OWNEY, THE MAIL-POUCH POOCH by Mona Kerby

OWNEY, THE MAIL-POUCH POOCH

by , illustrated by
Age Range: 7 - 9

KIRKUS REVIEW

Going back to contemporary sources, Kerby retraces the travels of a stray terrier who became the semi-official mascot of the U.S. Postal Service in the 1890s and who, aboard ship and train, escorted mailbags to hundreds of destinations around the world. She sticks largely to facts—finding that accounts of how he got his name differ, she doesn’t try to explain its origin, for instance—but does tuck in occasional invented details to smooth the narrative. Although the text notes that his preserved body is still on display at the U.S. Postal Museum in Washington, D.C., it neglects to mention that he met his end by violence. Ever alert and sporting a harness increasingly covered in tags attached at his many stopovers, the small dog makes an engaging centerpiece in Barasch’s watercolor sketches. His tale has been told several times for younger audiences, most recently in Irene Kelly’s A Small Dog’s Big Life (2005); still, dog lovers will lap up this latest iteration. (photos, research note, sources) (Picture book/nonfiction. 7-9)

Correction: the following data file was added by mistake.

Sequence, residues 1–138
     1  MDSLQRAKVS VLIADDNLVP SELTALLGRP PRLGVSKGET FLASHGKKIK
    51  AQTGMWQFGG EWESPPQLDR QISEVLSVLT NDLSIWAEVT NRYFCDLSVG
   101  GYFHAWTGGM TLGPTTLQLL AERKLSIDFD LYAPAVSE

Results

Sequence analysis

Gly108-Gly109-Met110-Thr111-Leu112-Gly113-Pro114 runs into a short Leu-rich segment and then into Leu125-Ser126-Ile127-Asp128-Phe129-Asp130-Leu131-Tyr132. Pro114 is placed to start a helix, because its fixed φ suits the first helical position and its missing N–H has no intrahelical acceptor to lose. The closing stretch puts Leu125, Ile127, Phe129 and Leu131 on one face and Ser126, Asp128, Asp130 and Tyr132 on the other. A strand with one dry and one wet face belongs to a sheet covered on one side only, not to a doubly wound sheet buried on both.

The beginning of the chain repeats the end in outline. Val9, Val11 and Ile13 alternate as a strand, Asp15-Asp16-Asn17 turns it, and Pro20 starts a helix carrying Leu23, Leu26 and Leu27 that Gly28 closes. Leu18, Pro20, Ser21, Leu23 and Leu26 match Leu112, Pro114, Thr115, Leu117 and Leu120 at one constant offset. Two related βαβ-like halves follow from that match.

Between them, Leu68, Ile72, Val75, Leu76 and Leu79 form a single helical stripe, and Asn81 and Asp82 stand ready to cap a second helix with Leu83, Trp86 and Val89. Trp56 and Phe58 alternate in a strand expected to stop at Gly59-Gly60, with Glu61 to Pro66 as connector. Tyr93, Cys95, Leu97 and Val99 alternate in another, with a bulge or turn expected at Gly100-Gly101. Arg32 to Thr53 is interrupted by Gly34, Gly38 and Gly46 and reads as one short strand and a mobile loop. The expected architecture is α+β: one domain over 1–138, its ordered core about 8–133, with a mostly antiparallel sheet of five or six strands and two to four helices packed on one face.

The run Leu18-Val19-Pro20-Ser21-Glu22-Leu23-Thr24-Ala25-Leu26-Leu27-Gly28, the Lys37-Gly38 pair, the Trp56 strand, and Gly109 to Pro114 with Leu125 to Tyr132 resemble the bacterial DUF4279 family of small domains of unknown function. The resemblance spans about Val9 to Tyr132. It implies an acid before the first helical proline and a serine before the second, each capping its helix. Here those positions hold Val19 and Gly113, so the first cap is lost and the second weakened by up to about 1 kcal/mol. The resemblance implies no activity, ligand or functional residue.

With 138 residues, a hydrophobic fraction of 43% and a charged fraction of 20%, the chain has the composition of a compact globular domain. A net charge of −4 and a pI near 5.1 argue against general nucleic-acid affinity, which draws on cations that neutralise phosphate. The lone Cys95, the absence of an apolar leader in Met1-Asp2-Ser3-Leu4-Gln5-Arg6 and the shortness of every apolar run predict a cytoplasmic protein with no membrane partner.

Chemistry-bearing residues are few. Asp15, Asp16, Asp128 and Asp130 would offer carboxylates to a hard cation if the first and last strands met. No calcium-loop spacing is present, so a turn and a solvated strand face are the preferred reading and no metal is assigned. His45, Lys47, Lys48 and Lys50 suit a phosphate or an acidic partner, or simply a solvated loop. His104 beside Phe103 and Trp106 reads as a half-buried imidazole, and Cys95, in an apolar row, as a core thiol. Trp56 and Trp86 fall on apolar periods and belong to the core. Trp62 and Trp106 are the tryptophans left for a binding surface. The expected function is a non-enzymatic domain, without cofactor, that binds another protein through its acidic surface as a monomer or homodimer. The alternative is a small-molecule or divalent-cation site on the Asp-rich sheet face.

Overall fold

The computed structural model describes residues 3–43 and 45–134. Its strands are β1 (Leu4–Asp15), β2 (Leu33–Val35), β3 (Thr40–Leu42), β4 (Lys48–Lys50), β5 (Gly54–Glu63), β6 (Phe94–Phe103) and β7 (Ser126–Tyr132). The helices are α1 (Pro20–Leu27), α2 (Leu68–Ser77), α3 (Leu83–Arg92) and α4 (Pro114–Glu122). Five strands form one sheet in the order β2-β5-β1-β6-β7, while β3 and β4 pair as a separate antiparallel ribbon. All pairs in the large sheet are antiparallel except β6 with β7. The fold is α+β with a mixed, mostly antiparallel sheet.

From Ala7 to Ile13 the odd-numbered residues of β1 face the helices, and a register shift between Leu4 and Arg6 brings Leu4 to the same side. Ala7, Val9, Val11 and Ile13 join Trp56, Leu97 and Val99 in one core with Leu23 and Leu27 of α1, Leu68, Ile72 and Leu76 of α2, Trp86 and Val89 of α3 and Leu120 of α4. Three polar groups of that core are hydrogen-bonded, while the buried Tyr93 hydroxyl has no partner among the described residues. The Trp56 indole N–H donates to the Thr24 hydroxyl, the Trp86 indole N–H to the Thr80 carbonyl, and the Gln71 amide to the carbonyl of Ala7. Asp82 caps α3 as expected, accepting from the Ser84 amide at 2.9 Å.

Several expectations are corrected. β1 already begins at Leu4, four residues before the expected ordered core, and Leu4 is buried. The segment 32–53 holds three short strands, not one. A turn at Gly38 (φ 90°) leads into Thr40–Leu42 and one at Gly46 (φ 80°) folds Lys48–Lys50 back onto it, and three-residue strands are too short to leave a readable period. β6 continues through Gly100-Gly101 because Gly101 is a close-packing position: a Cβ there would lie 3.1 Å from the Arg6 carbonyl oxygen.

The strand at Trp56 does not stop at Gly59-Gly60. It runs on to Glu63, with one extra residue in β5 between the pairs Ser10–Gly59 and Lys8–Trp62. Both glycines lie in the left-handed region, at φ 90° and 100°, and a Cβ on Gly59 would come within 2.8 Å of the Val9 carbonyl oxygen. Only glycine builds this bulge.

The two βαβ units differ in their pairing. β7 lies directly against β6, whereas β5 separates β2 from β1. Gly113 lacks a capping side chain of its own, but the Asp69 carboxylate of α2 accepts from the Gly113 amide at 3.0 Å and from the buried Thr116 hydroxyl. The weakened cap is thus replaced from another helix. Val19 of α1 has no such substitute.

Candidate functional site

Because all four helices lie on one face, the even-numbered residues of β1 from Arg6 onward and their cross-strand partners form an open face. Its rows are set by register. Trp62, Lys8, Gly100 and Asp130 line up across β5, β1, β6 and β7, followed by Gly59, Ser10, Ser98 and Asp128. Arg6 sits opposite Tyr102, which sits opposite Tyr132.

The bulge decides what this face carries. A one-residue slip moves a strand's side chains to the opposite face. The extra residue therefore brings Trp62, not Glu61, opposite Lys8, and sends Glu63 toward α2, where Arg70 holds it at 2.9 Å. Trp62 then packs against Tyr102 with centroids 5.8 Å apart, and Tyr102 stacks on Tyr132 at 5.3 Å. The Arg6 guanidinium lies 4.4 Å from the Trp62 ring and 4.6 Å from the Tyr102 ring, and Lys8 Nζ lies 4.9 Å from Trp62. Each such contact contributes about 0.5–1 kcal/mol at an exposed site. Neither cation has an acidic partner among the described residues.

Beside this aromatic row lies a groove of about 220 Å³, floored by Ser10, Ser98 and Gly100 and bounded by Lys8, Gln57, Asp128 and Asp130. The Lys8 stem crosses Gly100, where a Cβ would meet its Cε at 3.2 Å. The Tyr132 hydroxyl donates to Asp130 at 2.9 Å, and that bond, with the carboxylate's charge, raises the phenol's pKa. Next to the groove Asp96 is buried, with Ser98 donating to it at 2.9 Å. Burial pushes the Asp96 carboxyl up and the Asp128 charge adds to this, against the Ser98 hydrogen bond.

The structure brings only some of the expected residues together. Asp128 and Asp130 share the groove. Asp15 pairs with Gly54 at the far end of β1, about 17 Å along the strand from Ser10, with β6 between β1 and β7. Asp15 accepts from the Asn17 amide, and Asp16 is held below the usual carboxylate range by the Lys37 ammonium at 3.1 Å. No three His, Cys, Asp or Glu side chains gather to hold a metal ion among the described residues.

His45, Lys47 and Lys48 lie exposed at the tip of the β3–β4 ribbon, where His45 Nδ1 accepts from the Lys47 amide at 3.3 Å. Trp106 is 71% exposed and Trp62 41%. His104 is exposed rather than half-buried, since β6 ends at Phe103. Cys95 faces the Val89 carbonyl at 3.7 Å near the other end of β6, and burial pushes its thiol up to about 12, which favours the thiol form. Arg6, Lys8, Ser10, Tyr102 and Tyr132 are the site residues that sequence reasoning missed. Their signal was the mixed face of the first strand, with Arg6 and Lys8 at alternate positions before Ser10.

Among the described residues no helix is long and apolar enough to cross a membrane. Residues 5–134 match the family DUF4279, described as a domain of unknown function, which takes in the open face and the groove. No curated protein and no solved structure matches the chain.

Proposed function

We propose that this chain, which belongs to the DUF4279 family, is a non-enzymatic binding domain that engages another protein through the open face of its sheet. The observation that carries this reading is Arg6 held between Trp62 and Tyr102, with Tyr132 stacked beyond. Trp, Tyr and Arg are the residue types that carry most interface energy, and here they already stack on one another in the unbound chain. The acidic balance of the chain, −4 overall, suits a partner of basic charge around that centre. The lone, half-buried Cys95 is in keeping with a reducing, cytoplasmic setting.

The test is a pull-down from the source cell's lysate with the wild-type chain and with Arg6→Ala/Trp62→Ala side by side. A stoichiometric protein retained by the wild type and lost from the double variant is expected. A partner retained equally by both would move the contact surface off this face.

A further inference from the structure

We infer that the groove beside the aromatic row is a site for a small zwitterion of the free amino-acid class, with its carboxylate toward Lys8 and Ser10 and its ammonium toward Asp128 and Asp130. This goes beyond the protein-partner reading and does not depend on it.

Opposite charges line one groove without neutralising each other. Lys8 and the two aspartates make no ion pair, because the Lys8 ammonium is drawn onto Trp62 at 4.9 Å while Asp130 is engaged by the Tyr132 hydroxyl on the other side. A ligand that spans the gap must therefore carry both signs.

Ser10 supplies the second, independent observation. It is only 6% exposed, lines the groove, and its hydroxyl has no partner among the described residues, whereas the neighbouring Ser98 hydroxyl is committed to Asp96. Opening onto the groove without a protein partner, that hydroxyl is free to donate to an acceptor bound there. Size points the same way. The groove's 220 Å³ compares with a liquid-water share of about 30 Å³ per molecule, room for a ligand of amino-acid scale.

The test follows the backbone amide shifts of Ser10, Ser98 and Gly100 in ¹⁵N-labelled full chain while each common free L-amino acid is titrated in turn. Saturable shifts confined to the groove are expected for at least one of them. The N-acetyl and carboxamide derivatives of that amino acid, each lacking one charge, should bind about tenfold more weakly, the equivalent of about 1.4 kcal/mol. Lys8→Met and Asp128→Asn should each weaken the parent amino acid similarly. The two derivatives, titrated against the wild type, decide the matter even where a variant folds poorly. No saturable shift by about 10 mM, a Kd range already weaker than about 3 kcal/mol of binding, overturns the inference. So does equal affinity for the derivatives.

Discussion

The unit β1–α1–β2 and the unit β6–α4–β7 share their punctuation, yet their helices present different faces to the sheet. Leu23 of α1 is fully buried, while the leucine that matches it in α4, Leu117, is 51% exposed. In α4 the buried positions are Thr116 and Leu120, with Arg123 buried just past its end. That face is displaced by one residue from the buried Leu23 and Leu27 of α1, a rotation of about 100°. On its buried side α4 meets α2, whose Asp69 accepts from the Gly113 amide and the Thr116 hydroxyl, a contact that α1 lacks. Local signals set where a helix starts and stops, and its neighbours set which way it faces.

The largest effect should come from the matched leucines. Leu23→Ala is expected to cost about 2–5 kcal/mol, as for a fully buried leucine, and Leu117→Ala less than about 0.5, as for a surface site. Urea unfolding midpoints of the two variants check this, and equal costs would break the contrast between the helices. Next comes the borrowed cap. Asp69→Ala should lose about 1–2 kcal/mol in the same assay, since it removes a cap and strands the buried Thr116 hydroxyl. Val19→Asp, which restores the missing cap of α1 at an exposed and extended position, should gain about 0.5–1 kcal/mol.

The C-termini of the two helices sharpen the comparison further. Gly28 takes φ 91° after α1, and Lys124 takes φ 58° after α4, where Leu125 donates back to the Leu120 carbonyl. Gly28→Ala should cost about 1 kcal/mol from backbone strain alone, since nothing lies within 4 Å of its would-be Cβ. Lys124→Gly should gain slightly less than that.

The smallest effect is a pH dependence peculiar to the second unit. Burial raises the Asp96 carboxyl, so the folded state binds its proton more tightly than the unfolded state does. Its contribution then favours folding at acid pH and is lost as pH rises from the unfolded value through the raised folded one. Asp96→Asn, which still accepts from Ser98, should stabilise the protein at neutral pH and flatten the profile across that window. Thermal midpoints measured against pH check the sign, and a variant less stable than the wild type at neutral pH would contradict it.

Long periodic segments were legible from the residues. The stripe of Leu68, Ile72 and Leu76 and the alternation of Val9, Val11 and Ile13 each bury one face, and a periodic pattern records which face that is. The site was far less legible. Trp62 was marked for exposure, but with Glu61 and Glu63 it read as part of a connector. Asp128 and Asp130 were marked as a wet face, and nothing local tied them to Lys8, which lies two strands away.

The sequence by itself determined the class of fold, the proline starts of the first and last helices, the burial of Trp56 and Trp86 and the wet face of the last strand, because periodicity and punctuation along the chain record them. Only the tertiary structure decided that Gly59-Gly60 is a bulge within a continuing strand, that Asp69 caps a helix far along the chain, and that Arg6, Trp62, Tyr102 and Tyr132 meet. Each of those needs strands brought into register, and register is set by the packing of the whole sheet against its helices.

Pub Date: May 7th, 2008
ISBN: 978-0-374-35685-9
Page count: 40pp
Publisher: Frances Foster/Farrar, Straus & Giroux
Review Posted Online:
Kirkus Reviews Issue: April 1st, 2008




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